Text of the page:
Today only a short section of c. 1.8 miles from the harbour to Whalesbrough remains watered. With the upper canal reaches mostly dry, it no longer receives water from Lower Tamar Lakes, but instead relies on the rivers Strat and Neet, which flow through catchments dominated by improved grassland and arable cropping.

The canal and harbour are one Bude's foremost amenity spaces. A level tow-path provides an accessible route from the town to the surrounding countryside. The harbour and canal support small-scale commercial fishing, a coarse fishery, water-based activities and provide an attractive setting for canal-side food and retail outlets and accommodation.

This page is intended to help keep the community informed about the canal, providing updates and a place to ask questions. It has been developed in partnership between Cornwall Council Countryside and Maritime Teams, and we are pleased to work with a wide range of stakeholders involved in the canal and harbour through the Bude Valley Management Advisory Group:


Please note that the principle source of information for Bude Harbour is found at the following links:


The Bude Canal Dredging Programme referenced on this platform is part-funded] by the UK Government through the UK Shared Prosperity Fund. Cornwall Council has been chosen by Government as a Lead Authority for the fund and is responsible for monitoring the progress of projects funded through the UK Shared Prosperity Fund in Cornwall and the Isles of Scilly.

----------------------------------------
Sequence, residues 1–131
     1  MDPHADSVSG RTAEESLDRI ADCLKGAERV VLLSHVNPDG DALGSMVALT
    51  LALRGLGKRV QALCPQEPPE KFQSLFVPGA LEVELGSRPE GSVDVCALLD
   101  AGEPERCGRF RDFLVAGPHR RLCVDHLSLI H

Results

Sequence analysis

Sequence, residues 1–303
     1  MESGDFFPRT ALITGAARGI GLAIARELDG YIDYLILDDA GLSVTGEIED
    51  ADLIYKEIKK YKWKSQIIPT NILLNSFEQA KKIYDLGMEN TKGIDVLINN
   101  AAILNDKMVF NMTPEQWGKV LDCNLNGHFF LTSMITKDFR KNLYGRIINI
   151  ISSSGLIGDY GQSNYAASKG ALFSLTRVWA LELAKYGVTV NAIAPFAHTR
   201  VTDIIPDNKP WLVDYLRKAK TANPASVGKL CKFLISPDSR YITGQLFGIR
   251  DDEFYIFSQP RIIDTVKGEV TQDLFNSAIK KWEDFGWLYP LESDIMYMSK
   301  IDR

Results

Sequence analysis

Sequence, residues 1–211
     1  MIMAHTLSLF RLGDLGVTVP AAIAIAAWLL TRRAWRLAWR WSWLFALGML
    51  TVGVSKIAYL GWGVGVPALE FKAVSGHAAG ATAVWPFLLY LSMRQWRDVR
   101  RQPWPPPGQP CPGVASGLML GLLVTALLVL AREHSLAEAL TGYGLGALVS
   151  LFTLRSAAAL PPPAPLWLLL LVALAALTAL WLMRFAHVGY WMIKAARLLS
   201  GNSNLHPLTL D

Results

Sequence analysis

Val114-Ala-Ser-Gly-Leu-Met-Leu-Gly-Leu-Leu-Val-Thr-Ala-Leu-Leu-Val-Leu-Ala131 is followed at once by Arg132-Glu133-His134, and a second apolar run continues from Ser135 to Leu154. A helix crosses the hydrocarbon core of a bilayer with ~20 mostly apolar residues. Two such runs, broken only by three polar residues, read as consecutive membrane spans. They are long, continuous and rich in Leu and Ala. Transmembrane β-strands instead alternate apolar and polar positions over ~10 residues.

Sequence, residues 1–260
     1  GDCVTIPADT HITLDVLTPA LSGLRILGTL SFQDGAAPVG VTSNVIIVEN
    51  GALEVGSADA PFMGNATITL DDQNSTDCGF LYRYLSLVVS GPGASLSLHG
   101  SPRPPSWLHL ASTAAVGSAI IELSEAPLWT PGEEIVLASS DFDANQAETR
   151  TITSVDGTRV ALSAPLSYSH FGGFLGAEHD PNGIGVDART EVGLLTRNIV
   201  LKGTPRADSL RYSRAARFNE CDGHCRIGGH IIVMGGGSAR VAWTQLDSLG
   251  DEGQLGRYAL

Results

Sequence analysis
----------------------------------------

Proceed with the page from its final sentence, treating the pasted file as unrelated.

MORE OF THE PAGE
Bude Canal and Marshes - Add Your Story

The Bude Marshes were declared a Local Nature Reserve (LNR) in 1981 by North Cornwall District Council (now Cornwall Council) - the first in Cornwall. The reserve extends to some 6ha (14.5ac) consisting of mainly reed bed, wet grassland and willow carr. Pethericks Marsh is a brakish environment with wet grassland. Reed bed fringe habitat is found in the canal, along with open water. Not only does the site provide a haven for rare and unusual species, but it is accessible to people, with Peter Truscott Bridge giving access to the marshes from the canal tow-path. The marshes also play an important role in the flood strategy for Bude, acting as a water storage area.

The marshes offer interest throughout the seasons, being a haven for water-fowl including snipe, teal, widgeon, moorhens and water rail throughout winter, before welcoming migratory birds such as chiffchaffs, sedge warblers and sand martins in spring.  

Six Cornwall-scarce species have been recorded within the Bude Marshes Local Nature Reserve:

  • Trifid bur-marigold - Bidens tripartita
  • Grass vetchling - Lathyrus nissolia
  • Bee orchid - Ophrys apifera
  • Beaked tasselweed - Ruppia maritima
  • Pink water-speedwell - Veronica catenata
  • Horned pondweed - Zannichellia palustris

Other wildlife to look out for include: 

  • Swans
  • Otters
  • Bats
  • Herons
  • Kingfishers
  • Little egrets
  • Bee orchids
  • Grass snakes

For more information about the Local Nature Reserve please visit: Bude Canal and Marshes - Cornwall Council 

You can see Hillary's story about her passion for and relationship with biodiversity around Bude and her tips for protecting this spacial environment for wildlife at the Bude Climate Partnership website, here: Hilary's Story | Bude Climate 


Image: Courtesy of Gareth Cann

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Page last updated: 10 Jul 2024, 05:35 PM